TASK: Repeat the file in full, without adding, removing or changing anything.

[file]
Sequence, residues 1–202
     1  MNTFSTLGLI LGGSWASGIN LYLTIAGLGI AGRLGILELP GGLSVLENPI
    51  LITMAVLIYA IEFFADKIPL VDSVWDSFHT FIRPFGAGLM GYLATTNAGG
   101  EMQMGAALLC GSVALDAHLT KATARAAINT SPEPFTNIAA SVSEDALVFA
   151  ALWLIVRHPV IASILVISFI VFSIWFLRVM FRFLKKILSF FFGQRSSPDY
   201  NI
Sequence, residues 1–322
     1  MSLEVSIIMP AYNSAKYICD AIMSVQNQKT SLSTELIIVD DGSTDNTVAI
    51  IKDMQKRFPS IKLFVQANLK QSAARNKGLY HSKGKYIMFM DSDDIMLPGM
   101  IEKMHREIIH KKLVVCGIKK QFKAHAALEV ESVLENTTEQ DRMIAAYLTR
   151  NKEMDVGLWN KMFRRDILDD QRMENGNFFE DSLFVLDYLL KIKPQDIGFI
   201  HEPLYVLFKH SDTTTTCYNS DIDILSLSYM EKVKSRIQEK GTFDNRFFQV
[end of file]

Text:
Sequence, residues 1–202
     1  MNTFSTLGLI LGGSWASGIN LYLTIAGLGI AGRLGILELP GGLSVLENPI
    51  LITMAVLIYA IEFFADKIPL VDSVWDSFHT FIRPFGAGLM GYLATTNAGG
   101  EMQMGAALLC GSVALDAHLT KATARAAINT SPEPFTNIAA SVSEDALVFA
   151  ALWLIVRHPV IASILVISFI VFSIWFLRVM FRFLKKILSF FFGQRSSPDY
   201  NI
Sequence, residues 1–322
     1  MSLEVSIIMP AYNSAKYICD AIMSVQNQKT SLSTELIIVD DGSTDNTVAI
    51  IKDMQKRFPS IKLFVQANLK QSAARNKGLY HSKGKYIMFM DSDDIMLPGM
   101  IEKMHREIIH KKLVVCGIKK QFKAHAALEV ESVLENTTEQ DRMIAAYLTR
   151  NKEMDVGLWN KMFRRDILDD QRMENGNFFE DSLFVLDYLL KIKPQDIGFI
   201  HEPLYVLFKH SDTTTTCYNS DIDILSLSYM EKVKSRIQEK GTFDNRFFQV